MONDAY, June 13, 2016 (HealthDay News) -- Adults who witnessed parental domestic violence in childhood are at increased risk for suicide attempts, a new study finds.
"When domestic violence is chronic in a home, there is a risk of long-term negative outcomes for the children, even when the children themselves are not abused," said study lead author Esme Fuller-Thomson. She is a professor with the University of Toronto's Faculty of Social Work.
The researchers examined data from more than 22,500 Canadian adults. They found that about 17 percent of those exposed to chronic parental domestic violence (more than 10 times before age 16) had attempted suicide, compared with roughly 2 percent of those not exposed to parental domestic violence.
"We had expected that the association between chronic parental domestic violence and later suicide attempts would be explained by childhood sexual or physical abuse, or by mental illness and substance abuse," Fuller-Thomson said in a university news release. "However, even when we took these factors into account, those exposed to chronic parental domestic violence still had more than twice the odds of having attempted suicide."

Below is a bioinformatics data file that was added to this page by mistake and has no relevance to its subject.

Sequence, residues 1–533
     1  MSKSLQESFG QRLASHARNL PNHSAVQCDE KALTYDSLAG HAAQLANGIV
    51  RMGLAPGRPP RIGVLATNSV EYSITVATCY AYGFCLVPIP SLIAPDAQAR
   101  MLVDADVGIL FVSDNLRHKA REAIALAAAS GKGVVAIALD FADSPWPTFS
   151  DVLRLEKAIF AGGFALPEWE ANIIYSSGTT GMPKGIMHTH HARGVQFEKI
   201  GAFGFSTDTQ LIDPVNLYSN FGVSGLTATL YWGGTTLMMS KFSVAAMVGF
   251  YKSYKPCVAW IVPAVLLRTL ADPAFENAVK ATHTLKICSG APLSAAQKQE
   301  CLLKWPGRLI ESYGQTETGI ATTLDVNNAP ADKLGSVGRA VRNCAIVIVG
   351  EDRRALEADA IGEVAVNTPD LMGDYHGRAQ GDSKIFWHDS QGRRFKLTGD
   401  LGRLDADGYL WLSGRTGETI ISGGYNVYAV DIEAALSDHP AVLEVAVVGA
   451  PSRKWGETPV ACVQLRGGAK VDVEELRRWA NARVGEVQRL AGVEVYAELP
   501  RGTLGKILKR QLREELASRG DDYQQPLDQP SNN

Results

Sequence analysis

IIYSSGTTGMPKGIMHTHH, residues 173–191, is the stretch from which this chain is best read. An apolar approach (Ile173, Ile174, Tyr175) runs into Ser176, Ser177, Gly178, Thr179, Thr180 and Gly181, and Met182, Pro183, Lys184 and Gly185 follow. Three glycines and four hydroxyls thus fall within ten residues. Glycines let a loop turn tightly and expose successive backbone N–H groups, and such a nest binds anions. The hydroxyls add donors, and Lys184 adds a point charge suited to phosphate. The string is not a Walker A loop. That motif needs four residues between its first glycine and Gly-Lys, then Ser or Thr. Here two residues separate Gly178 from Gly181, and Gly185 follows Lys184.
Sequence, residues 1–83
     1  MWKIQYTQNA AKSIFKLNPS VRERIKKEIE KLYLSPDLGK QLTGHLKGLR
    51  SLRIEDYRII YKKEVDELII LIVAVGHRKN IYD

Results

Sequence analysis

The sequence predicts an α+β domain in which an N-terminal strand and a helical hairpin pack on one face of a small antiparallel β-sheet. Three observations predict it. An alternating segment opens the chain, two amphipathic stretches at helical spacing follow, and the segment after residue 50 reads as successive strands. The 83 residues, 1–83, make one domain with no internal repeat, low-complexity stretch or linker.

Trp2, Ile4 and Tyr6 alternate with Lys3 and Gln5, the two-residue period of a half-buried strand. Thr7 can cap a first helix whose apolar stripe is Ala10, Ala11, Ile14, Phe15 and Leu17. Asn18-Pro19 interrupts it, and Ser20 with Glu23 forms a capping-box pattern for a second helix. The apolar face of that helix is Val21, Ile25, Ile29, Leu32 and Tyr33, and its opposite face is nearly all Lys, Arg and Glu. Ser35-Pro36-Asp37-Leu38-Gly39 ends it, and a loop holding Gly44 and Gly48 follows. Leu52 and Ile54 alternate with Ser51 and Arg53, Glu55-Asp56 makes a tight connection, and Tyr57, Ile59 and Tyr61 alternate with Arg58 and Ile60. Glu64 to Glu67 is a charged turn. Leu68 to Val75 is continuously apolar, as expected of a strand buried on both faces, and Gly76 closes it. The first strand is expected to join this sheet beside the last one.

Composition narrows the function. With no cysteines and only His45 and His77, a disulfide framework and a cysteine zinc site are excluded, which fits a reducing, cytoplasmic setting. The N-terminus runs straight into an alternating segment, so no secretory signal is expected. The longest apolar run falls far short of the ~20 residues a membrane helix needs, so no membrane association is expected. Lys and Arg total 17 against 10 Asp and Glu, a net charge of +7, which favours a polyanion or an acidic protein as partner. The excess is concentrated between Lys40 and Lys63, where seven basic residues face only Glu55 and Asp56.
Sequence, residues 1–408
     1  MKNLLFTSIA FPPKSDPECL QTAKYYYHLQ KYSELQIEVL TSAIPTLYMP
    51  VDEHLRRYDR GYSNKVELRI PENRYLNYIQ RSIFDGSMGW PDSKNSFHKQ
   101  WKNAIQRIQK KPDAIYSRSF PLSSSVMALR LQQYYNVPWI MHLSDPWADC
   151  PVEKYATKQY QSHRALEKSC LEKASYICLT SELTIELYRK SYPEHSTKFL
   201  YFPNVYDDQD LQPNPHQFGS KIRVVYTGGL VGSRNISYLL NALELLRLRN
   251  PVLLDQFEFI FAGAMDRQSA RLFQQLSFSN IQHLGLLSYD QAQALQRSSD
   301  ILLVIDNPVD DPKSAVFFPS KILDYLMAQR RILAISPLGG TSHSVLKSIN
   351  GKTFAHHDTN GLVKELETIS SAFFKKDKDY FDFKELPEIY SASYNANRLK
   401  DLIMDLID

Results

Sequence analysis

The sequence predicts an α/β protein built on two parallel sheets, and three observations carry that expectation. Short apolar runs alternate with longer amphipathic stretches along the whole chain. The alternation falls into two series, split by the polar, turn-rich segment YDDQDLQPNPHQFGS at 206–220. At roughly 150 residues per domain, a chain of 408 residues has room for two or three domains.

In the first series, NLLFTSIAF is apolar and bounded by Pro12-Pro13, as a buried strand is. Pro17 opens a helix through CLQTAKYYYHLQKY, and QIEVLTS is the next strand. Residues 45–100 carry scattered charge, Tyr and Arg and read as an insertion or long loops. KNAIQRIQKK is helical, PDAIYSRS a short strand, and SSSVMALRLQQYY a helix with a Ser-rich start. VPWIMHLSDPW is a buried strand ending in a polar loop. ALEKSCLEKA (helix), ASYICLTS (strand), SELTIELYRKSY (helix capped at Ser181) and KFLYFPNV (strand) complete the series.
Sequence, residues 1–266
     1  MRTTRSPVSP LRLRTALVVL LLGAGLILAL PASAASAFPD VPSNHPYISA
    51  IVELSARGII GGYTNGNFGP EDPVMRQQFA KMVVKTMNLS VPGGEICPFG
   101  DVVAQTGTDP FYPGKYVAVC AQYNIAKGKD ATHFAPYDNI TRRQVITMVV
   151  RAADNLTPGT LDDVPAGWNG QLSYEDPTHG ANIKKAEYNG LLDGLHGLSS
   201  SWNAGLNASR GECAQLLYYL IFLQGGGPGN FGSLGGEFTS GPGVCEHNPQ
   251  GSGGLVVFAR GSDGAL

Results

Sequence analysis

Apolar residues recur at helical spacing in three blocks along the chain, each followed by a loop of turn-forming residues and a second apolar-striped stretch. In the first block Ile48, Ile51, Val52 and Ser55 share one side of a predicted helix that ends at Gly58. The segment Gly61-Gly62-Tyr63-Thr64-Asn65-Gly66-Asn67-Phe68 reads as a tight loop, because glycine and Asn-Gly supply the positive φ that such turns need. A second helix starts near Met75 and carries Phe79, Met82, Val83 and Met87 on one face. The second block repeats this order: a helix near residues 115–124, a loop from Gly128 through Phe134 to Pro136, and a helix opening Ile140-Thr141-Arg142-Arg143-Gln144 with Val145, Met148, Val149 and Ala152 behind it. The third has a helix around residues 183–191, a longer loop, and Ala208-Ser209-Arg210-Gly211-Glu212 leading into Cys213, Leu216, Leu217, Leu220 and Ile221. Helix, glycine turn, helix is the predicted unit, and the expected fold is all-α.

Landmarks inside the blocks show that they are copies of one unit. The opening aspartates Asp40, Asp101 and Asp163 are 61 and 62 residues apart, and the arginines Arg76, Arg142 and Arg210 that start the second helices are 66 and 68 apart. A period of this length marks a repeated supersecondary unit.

These chaotic home environments cast a long shadow, she added.
"Social workers and health professionals must continue to work vigilantly to prevent domestic violence and to support survivors of this abuse and their children," Fuller-Thomson said.
The study also found that adults who were maltreated during their childhood were more likely to have attempted suicide. Almost 17 percent of those who'd been sexually abused and more than 12 percent of physically abused children were later found to have made at least one suicide attempt, said study co-author Reshma Dhrodia, a recent Master of Social Work graduate.
The researchers also found that a history of major depressive disorder, anxiety disorders, substance abuse and/or chronic pain was associated with significantly higher odds of a suicide attempt.
The study was published online June 9 in the journal Child: Care, Health and Development.
The American Academy of Child and Adolescent Psychiatry outlines how to help children exposed to domestic violence.
SOURCE: University of Toronto, news release, June 9, 2016
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